Management of Barrett's esophagus: A national study of practice patterns and their cost implications

Cary P. Gross, Marcia Irene Canto, John Hixson, Neil R. Powe

Research output: Contribution to journalArticlepeer-review

60 Scopus citations


OBJECTIVE: The optimal management of Barrett's esophagus (BE) is controversial. Little is known about current practice patterns or associated direct medical costs. METHODS: In a national cross-sectional survey, we asked a random sample of gastroenterologists how they would manage patients with BE and various degrees of dysplasia. We used logistic regression to identify factors associated with so-called 'frequent' (at least every 12 months) surveillance. We calculated direct medical costs using Medicare payments and population-based estimates of the number of BE patients under surveillance. RESULTS: Approximately 50% of 555 gastroenterologists responded. More than 96% of respondents recommended endoscopic surveillance for BE. For BE without dysplasia, 30% would perform frequent surveillance; this was the case particularly gastroenterologists older than age 45 yr (odds ratio = 1.91, p = 0.038) or those receiving primarily fee-for-service reimbursement (odds ratio = 2.57, p = 0.004). For BE with low-grade dysplasia, the frequency of endoscopy was highly variable (range, 1-24 months). For BE with high-grade dysplasia, 73% of gastroenterologists recommended esophagectomy and the remainder recommended endoscopic surveillance. Approximately 95% of the gastroenterologists who recommended surveillance for high-grade dysplasia, however, were not in agreement with recommended protocols. We estimated the national annual expenditure for surveillance endoscopy every 24 months for BE without dysplasia to be at least $22 million. Increase in surveillance intensity from low frequency (every 36 months) to high frequency (every 12 months) strategies would escalate costs by $29 million annually. CONCLUSIONS: Physician age and reimbursement influence BE surveillance practice, suggesting the influence of nonclinical factors on clinical decisionmaking. The majority of clinicians who would recommend surveillance for high-grade dysplasia may not be using an appropriately aggressive strategy. Variations in surveillance strategies can have large cost implications.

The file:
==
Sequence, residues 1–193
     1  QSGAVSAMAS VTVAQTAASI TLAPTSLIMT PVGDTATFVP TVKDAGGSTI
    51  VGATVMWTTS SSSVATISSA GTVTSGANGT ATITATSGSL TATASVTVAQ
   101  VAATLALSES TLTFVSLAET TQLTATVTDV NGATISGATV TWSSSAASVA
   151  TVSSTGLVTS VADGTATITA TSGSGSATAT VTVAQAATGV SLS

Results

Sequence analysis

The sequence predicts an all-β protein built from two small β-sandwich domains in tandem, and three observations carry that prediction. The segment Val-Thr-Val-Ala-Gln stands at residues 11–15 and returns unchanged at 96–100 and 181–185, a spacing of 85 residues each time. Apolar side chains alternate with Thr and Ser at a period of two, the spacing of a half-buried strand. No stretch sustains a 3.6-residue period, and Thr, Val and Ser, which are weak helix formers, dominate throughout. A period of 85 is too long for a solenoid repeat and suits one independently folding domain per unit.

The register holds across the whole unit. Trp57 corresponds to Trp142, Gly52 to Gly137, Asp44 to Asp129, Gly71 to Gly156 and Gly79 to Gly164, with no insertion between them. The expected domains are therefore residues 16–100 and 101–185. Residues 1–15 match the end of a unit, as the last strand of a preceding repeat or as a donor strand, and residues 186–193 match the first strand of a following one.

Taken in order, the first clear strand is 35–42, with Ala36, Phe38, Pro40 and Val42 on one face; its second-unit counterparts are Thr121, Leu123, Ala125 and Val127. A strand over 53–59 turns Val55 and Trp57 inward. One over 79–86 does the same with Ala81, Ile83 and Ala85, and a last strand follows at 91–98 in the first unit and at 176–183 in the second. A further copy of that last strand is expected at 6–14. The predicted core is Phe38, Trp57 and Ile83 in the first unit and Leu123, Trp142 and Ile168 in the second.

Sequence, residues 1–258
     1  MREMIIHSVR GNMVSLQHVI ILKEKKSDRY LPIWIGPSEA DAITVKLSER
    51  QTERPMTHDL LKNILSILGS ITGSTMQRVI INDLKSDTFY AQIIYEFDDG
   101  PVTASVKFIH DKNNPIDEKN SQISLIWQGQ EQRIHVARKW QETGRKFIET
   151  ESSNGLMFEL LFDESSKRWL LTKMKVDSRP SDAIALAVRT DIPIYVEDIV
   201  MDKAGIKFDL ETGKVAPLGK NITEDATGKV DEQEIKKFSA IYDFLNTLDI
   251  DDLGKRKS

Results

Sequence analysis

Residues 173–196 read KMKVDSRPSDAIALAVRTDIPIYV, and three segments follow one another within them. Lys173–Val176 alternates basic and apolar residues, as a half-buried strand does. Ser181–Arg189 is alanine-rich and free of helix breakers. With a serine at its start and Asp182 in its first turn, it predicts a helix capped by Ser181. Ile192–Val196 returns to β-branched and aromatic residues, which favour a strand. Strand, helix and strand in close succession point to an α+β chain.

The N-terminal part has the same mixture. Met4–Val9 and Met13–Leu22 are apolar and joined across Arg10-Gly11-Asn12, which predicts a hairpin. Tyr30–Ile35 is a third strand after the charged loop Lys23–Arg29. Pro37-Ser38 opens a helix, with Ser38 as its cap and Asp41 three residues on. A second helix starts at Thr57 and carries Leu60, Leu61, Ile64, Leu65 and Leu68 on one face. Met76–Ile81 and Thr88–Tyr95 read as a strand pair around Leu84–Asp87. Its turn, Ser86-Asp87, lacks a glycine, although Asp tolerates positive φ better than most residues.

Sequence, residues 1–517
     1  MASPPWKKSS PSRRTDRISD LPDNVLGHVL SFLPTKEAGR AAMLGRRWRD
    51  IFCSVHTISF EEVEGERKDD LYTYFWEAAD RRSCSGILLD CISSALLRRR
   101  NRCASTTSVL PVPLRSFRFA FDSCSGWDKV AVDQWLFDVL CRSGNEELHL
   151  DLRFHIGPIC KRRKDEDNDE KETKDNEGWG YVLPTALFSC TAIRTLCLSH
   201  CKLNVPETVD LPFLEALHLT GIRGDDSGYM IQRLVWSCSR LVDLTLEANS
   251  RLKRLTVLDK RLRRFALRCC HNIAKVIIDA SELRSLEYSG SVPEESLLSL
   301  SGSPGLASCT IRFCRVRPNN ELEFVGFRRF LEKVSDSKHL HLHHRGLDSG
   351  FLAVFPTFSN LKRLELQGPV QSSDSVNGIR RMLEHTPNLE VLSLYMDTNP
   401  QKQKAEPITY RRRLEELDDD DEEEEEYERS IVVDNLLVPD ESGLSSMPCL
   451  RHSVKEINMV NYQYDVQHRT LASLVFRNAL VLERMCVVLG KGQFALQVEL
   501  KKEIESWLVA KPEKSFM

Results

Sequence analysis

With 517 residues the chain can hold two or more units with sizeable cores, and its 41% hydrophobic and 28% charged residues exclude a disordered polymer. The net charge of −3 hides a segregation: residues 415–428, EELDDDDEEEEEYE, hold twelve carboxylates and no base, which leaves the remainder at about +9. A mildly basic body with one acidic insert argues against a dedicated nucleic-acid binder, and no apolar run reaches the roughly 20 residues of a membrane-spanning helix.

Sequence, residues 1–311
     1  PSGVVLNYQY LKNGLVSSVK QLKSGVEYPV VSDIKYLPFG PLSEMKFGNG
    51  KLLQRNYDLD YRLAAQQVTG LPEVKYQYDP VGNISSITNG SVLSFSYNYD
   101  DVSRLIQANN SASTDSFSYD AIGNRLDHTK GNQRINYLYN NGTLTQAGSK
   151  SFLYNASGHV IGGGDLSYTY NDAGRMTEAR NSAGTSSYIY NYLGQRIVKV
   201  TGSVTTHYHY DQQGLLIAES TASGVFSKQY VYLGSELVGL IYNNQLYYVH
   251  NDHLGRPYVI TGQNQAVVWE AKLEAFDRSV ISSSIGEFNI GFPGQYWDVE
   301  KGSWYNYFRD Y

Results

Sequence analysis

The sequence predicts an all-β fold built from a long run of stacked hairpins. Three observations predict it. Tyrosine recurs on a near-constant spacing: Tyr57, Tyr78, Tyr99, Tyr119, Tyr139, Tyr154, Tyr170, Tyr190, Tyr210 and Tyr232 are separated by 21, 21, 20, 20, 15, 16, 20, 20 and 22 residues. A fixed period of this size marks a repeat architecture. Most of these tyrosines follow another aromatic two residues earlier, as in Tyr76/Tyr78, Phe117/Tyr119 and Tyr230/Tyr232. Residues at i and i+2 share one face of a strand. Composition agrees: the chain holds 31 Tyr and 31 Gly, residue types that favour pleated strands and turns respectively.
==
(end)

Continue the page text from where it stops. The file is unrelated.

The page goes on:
Original languageEnglish (US)
Pages (from-to)3440-3447
Number of pages8
JournalAmerican Journal of Gastroenterology
Issue number12
StatePublished - Dec 1999

ASJC Scopus subject areas

  • Hepatology
  • Gastroenterology


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